Chuck Leaver – Forensic Analysis And Incident Response Are Related But Different

Written By Roark Pollock And Presented By Ziften CEO Chuck Leaver


There may be a joke someplace regarding the forensic analyst that was late to the incident response celebration. There is the seed of a joke in the idea at least however naturally, you have to understand the distinctions between incident response and forensic analysis to appreciate the capacity for humor.

Incident response and forensic analysis are associated disciplines that can utilize similar tools and related data sets however also have some important distinctions. There are 4 particularly important differences between forensic analysis and incident response:

– Objectives.
– Requirements for data.
– Group abilities.
– Benefits.

The difference in the objectives of incident response and forensic analysis is maybe the most essential. Incident response is focused on determining a quick (i.e., near real time) reaction to an immediate threat or issue. For instance, a home is on fire and the firefighters that attend to put that fire out are involved in incident response. Forensic analysis is usually carried out as part of an arranged compliance, legal discovery, or police examination. For example, a fire detective might take a look at the remains of that house fire to determine the overall damage to the house, the reason for the fire, and whether the root cause was such that other homes are also facing the same risk. Simply put, incident response is focused on containment of a threat or problem, while forensic analysis is concentrated on a full understanding and comprehensive remediation of a breach.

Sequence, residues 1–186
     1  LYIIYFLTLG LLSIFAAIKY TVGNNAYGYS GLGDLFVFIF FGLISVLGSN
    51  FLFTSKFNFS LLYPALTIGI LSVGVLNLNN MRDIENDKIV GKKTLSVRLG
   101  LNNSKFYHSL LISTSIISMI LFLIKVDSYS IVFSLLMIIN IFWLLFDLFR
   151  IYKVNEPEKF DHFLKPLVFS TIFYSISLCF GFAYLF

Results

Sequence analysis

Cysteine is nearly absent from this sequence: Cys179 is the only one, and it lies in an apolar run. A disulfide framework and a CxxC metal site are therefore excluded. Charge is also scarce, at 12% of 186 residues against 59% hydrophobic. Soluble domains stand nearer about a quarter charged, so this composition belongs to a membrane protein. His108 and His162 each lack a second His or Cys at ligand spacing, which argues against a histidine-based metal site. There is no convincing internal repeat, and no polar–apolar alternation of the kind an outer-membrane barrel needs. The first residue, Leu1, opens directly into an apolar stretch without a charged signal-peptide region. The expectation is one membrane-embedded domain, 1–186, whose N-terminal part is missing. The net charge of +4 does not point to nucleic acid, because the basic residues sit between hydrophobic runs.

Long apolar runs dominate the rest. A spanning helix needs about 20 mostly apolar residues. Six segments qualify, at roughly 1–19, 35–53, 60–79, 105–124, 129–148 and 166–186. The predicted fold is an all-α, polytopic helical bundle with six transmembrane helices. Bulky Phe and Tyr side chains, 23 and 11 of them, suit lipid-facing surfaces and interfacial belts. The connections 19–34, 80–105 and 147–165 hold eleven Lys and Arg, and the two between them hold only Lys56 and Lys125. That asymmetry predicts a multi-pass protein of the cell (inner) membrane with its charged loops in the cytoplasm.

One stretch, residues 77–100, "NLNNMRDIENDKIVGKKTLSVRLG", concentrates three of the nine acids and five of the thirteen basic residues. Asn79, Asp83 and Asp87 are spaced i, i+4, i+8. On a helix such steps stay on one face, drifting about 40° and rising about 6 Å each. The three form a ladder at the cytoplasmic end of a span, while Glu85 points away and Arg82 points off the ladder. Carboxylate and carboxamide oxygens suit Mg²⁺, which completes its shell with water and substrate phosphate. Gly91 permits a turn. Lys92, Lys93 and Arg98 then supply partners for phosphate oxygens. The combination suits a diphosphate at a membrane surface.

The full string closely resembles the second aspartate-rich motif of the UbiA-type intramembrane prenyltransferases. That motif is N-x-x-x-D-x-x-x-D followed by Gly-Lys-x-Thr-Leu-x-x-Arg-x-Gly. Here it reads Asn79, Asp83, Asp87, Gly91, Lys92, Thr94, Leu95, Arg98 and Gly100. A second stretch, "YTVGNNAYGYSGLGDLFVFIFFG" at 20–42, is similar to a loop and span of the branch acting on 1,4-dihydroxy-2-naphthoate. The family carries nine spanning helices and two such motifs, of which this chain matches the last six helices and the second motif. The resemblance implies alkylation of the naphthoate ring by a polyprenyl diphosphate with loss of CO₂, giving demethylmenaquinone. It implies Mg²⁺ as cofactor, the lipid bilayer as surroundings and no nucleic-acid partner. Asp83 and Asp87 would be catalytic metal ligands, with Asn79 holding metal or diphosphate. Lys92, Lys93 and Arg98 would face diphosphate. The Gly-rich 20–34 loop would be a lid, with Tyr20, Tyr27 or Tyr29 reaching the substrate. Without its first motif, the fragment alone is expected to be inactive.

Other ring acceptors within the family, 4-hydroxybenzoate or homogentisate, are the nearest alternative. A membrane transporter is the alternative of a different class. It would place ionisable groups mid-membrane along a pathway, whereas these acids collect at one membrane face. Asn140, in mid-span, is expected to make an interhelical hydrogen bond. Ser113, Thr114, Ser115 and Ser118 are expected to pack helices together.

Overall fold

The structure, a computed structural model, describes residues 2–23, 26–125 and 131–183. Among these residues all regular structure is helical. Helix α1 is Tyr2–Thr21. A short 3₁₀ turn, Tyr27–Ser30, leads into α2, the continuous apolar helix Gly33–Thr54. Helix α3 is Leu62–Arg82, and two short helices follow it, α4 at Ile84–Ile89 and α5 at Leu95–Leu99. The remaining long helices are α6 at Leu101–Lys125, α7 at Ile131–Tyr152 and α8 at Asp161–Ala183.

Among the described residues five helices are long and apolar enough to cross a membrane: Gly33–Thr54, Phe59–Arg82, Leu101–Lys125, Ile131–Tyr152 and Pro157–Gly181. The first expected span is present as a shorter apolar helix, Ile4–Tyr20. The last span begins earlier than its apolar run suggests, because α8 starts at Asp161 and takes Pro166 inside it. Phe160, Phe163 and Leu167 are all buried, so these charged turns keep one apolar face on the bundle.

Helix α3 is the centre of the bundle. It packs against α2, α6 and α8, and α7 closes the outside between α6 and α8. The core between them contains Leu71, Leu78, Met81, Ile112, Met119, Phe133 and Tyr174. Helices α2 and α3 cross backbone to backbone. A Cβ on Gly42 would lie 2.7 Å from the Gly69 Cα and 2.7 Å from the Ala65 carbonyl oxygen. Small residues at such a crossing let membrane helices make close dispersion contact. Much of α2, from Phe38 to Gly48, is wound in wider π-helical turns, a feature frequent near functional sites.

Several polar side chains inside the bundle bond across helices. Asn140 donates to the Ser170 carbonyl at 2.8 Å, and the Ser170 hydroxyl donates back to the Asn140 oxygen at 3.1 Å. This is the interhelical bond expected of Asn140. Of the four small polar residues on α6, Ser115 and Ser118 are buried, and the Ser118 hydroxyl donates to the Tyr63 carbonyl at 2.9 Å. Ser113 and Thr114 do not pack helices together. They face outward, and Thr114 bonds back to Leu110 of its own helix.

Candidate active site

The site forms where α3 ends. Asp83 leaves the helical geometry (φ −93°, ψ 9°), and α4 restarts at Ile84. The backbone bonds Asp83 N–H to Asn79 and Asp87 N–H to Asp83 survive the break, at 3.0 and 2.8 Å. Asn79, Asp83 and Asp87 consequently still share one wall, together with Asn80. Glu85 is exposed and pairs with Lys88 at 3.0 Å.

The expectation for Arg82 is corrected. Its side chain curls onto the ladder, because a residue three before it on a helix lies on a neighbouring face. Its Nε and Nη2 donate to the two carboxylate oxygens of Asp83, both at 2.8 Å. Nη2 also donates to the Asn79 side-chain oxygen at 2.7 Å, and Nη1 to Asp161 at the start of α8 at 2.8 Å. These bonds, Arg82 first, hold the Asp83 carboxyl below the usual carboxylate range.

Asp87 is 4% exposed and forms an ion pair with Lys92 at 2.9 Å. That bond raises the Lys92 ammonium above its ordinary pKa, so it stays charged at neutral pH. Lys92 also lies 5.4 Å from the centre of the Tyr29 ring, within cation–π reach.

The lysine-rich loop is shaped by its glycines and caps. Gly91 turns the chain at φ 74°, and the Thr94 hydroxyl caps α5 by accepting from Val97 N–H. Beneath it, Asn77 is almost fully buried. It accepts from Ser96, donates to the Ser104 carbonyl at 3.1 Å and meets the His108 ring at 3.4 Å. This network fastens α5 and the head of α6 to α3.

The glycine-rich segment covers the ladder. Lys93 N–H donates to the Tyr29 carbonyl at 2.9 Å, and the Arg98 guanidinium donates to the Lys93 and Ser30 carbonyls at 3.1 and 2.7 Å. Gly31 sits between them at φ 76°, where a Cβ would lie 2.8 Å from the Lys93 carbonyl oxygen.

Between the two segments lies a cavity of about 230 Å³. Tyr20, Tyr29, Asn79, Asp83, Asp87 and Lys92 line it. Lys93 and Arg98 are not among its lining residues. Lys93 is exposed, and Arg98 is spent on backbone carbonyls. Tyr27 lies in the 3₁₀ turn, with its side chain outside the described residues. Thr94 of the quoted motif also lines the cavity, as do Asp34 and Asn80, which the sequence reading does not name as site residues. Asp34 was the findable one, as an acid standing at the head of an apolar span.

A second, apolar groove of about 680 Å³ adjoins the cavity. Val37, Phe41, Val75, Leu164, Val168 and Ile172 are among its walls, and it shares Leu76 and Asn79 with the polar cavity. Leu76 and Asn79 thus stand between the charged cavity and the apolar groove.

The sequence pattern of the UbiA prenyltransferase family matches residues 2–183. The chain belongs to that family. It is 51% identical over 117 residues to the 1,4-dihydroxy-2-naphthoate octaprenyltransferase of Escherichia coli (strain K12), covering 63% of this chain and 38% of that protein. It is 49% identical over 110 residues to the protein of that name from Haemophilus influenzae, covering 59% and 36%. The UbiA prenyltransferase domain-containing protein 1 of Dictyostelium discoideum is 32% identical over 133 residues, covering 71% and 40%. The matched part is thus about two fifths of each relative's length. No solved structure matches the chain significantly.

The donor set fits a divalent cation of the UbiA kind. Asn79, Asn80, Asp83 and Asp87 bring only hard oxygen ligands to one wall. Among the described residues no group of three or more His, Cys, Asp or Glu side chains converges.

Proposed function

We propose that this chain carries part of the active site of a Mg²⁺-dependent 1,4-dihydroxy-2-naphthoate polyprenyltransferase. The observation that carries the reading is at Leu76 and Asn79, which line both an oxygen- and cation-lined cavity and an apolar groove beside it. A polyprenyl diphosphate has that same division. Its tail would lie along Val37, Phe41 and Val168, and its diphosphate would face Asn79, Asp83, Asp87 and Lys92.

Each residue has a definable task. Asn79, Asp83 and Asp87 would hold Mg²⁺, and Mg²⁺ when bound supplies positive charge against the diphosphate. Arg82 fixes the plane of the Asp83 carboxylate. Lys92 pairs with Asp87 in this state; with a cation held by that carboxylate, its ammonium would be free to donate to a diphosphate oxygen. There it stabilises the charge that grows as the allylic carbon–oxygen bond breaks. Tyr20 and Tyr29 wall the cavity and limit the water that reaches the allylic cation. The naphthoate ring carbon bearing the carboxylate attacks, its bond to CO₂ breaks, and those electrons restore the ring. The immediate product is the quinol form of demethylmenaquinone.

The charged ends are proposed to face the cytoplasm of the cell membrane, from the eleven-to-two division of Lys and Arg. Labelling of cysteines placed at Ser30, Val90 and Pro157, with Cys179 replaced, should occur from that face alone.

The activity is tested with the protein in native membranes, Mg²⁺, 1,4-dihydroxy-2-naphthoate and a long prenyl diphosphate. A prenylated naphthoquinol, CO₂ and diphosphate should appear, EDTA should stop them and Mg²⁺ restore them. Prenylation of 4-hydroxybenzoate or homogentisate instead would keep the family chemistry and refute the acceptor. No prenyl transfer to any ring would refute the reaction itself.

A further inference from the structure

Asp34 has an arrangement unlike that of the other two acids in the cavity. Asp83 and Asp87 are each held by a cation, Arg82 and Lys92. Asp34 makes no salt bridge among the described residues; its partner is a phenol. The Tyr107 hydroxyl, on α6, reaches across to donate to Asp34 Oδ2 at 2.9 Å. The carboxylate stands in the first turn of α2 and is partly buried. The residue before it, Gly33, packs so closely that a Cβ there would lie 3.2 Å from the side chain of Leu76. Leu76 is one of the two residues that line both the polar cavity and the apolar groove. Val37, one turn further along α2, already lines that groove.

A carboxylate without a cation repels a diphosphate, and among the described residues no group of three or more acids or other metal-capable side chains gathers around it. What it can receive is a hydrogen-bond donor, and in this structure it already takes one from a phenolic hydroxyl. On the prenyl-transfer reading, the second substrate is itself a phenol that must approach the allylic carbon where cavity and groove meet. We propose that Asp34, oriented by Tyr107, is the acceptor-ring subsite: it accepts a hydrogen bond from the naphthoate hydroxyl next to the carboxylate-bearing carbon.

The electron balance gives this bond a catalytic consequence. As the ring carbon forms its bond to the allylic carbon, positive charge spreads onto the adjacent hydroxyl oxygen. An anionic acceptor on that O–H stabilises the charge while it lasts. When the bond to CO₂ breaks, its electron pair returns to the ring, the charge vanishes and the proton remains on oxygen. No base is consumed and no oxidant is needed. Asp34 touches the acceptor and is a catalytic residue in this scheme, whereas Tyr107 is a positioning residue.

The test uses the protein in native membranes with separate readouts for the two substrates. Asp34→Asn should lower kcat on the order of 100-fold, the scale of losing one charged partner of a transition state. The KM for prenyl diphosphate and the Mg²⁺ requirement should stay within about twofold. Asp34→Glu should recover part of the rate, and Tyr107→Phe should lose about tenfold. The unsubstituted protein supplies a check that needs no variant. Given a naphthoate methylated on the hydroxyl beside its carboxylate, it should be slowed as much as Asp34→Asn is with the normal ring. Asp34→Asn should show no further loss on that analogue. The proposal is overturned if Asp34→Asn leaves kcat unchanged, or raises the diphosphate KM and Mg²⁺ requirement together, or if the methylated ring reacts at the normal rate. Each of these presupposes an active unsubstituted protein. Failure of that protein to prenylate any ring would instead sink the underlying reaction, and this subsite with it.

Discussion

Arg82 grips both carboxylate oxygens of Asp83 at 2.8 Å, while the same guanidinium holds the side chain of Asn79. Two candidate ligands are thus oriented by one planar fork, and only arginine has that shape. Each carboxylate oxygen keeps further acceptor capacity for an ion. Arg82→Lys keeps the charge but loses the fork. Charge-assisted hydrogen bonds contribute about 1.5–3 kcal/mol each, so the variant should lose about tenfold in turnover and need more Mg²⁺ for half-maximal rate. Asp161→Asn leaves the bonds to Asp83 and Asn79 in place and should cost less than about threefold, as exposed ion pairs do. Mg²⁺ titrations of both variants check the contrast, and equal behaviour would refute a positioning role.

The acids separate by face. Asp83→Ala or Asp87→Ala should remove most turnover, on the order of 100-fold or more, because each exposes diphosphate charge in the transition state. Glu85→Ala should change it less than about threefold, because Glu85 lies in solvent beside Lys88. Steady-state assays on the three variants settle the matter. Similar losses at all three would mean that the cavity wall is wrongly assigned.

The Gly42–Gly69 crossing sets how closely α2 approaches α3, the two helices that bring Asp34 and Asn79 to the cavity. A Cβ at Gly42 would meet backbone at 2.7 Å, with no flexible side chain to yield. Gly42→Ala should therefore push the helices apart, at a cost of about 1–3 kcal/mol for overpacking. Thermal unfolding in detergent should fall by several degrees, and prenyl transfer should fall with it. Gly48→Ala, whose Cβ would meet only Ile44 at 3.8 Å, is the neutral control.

A second major difference between the disciplines is the data resources needed to attain the objectives. Incident response groups usually only require short term data sources, often no greater than a month or so, while forensic analysis groups normally need a lot longer lived logs and files. Bear in mind that the average dwell time of an effective attack is someplace in between 150 and 300 days.

While there is commonness in the personnel abilities of incident response and forensic analysis teams, and in fact incident response is often thought about as a subset of the border forensic discipline, there are important distinctions in job requirements. Both types of research require strong log analysis and malware analysis abilities. Incident response needs the capability to quickly isolate a contaminated device and to develop methods to remediate or quarantine the device. Interactions have the tendency to be with other operations and security team members. Forensic analysis generally requires interactions with a much broader set of departments, consisting of legal, compliance, operations and HR.

Not remarkably, the viewed advantages of these activities likewise differ.

The capability to eliminate a risk on one machine in near real time is a significant determinate in keeping breaches isolated and restricted in impact. Incident response, and proactive danger searching, is first line of defense in security operations. Forensic analysis is incident responses’ less attractive relative. Nevertheless, the advantages of this work are undeniable. A comprehensive forensic examination permits the remediation of all hazards with the careful analysis of an entire attack chain of events. Which is no laughing matter.

Do your endpoint security procedures make provision for both immediate incident response, and long lasting historic forensic analysis?